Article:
3. Value - Actual data to be stored in kafka. Could be a string, json, Protobuf, or AVRO data format.

Writing to a Kafka Topic

Kafka provides a Producer API to send a message to the Kafka topic. This API is available in java with kafka-clients library and python with kafka-python package.

Luckily for us, we don’t have to use any of these. Kafka comes with an out of box script kafka-console-producer that allows us to write data to a kafka topic.

Run the command and as soon as the command returns > with a new line, enter the Json message:

/usr/bin/kafka-console-producer \
	--bootstrap-server kafka:9092 \
	--topic kafka-test
>{"tickers": [{"name": "AMZN", "price": 1902}, {"name": "MSFT", "price": 107}, {"name": "AAPL", "price": 215}]}

We have successfully sent a message to the topic.

Enter Control + C to stop the script.

however this message was sent without any key, To send a key we have to set the properties parse.key to allow sending the key.

Default key separator is \t(tab),we can change it by setting the property key.separator. Eg: –property “key.separator=:”

Let’s try to send a message with a random key stocks-123 this time:

/usr/bin/kafka-console-producer \
	--bootstrap-server kafka:9092 \
	--topic kafka-test \
	--property "parse.key=true"
>stocks-123	{"tickers": [{"name": "AMZN", "price": 1902}, {"name": "MSFT", "price": 107}, {"name": "AAPL", "price": 215}]}

With the release of kafka version 3.2.0, it’s possible to send headers using ConsoleProducer by setting the property parse.headers to true.

Headers are metadata about the kafka message, souce of these stock prices would be a good candidate for the headers. Let’s add a header key as stock_source and value as nyse to the Kafka message :

/usr/bin/kafka-console-producer \
	--bootstrap-server kafka:9092 \
	--topic kafka-test \
	--property "parse.key=true" \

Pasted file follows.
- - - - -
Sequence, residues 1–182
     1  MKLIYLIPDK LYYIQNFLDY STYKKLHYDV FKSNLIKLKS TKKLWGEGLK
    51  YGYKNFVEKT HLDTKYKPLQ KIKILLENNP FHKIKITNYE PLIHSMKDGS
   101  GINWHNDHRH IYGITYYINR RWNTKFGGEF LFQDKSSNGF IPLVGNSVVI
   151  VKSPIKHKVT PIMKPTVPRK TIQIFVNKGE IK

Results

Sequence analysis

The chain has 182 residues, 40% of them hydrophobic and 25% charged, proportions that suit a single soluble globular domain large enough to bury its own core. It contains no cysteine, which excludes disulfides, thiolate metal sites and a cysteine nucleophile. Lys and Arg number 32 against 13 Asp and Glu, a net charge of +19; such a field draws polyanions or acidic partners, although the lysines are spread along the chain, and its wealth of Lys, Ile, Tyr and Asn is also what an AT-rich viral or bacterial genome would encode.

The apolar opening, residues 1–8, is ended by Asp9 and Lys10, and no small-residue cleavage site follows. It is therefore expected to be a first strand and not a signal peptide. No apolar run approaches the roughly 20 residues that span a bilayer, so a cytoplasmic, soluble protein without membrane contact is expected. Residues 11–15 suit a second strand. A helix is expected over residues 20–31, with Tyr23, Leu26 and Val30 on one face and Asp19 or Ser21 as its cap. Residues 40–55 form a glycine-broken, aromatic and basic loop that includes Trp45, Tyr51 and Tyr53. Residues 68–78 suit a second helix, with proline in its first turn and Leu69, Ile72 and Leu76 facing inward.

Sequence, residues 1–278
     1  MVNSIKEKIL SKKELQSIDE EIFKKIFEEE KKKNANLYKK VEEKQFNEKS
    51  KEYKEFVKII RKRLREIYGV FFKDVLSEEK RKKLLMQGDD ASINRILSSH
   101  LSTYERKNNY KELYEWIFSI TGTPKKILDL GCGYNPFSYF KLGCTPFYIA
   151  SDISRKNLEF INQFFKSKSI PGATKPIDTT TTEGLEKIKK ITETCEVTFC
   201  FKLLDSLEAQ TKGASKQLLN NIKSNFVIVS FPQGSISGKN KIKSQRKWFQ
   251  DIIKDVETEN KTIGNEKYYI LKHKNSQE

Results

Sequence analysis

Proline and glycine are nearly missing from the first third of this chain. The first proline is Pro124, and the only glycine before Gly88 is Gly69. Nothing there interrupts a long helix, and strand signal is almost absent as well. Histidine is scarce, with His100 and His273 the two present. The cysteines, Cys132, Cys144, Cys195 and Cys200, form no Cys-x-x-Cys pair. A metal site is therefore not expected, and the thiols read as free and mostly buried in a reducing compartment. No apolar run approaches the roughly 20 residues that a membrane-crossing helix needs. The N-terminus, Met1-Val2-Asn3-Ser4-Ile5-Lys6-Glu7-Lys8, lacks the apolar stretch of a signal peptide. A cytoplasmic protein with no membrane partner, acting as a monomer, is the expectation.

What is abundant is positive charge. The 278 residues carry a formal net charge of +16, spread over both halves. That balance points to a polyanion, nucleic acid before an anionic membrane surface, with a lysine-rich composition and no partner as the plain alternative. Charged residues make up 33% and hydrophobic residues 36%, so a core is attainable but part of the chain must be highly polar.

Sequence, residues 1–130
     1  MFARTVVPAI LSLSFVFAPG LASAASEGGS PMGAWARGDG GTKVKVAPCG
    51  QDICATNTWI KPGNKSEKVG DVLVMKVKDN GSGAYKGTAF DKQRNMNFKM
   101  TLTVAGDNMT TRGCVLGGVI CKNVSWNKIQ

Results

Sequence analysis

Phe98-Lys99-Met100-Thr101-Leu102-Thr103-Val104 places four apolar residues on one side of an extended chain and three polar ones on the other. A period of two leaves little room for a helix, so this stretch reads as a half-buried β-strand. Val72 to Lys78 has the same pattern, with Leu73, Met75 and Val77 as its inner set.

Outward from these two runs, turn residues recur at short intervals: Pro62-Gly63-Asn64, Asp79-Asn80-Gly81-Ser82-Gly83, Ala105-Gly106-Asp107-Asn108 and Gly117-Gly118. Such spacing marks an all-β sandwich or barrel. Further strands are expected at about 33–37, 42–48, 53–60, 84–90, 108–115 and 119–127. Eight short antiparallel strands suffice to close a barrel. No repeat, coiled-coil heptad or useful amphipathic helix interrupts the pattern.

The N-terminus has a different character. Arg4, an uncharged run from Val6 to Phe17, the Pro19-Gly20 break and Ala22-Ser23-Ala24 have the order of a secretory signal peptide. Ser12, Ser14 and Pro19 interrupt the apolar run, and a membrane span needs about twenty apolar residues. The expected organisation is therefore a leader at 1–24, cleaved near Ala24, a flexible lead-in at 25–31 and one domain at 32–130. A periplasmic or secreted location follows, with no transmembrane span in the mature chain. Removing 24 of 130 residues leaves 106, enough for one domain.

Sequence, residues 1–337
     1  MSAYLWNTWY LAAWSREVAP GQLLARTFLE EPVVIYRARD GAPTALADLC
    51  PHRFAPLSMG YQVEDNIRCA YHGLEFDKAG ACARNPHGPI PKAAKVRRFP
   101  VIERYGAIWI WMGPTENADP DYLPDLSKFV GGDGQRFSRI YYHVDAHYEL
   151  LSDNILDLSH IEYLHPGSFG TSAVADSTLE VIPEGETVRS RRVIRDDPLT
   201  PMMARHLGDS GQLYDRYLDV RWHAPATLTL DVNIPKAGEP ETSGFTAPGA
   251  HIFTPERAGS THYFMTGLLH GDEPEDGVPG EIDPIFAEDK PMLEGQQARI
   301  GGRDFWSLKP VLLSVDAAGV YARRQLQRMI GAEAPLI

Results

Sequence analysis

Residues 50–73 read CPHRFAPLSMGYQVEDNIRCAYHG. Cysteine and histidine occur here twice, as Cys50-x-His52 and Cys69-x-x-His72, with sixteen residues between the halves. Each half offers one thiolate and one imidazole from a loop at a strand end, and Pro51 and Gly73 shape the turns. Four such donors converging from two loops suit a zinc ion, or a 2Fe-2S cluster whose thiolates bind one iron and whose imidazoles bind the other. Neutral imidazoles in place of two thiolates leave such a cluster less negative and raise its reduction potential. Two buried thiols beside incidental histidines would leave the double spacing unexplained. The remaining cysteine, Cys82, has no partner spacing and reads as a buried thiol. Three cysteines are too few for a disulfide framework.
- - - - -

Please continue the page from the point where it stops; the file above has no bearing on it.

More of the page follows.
--property "parse.headers=true"
>stock_source:nyse	stocks-123	{"tickers": [{"name": "AMZN", "price": 1902}, {"name": "MSFT", "price": 107}, {"name": "AAPL", "price": 215}]}

Now we have successfully sent a kafka message with a header, key and value.


Check out supported properties for kafka-consoler-producer here.

Reading from a Kafka Topic

Kafka provides a Consumer API to read messages from a Kafka topic. This API is available in java with kafka-clients library and python with kafka-python package.

Kafka comes with an out of box script kafka-console-consumer to read messages from the kafka topic:

/usr/bin/kafka-console-consumer \
    --bootstrap-server kafka:9092 \
    --topic kafka-test

However, this command only prints the values of the kafka message. To print the key and headers, we have to set the properties print.headers, print.key to true. We can also print the timestamp of the message with the property print.timestamp.

/usr/bin/kafka-console-consumer \
    --bootstrap-server kafka:9092 \
    --topic kafka-test \
	--property print.headers=true \
	--property print.key=true \
	--property print.timestamp=true

There is other information such as partition and offset, they can be printed by setting the properties --property print.offset=true and --property print.partition=true.

Everytime we read from the a kafka topic, Kafka keeps track of the last offset the consumer read from and allows you to read from that point next time, however we can always read from the beginning using the arguments --from-beginning.

To always read from a kafka topic from the beginning:

/usr/bin/kafka-console-consumer \
    --bootstrap-server kafka:9092 \
    --topic kafka-test \
    --from-beginning \
	--property print.headers=true \
	--property print.key=true \
	--property print.timestamp=true

If you think, what we discussed above is too much to remember then don’t worry We have an easier way of reading and writing from Kafka topics.


kcat Utility

kcat is an awesome tool to make our life easier, it allows us to read and write from kafka topics without tons of scripts and in a more user-friendly way.

As Confluent puts it, “It is a swiss-army knife of tools for inspecting and creating data in Kafka”

kcat has two modes, it runs in producer mode by specifying the argument -P and consumer mode by specifying the argument -C.It also automatically selects its mode depending on the terminal or pipe type. If data is being piped to kcat it will automatically select producer (-P) mode. If data is being piped from kcat (e.g. standard terminal output) it will automatically select consumer (-C) mode.

  1. To read data from kafka topics, simply run
     kcat -b localhost:9092 -t kafka-test
  2. To write data to a Kafka topic, run
     kcat -P -b localhost:9092 -t kafka-test

Take a look at the examples here to find out more about the usage.

here are some tips and tricks of using Kafka.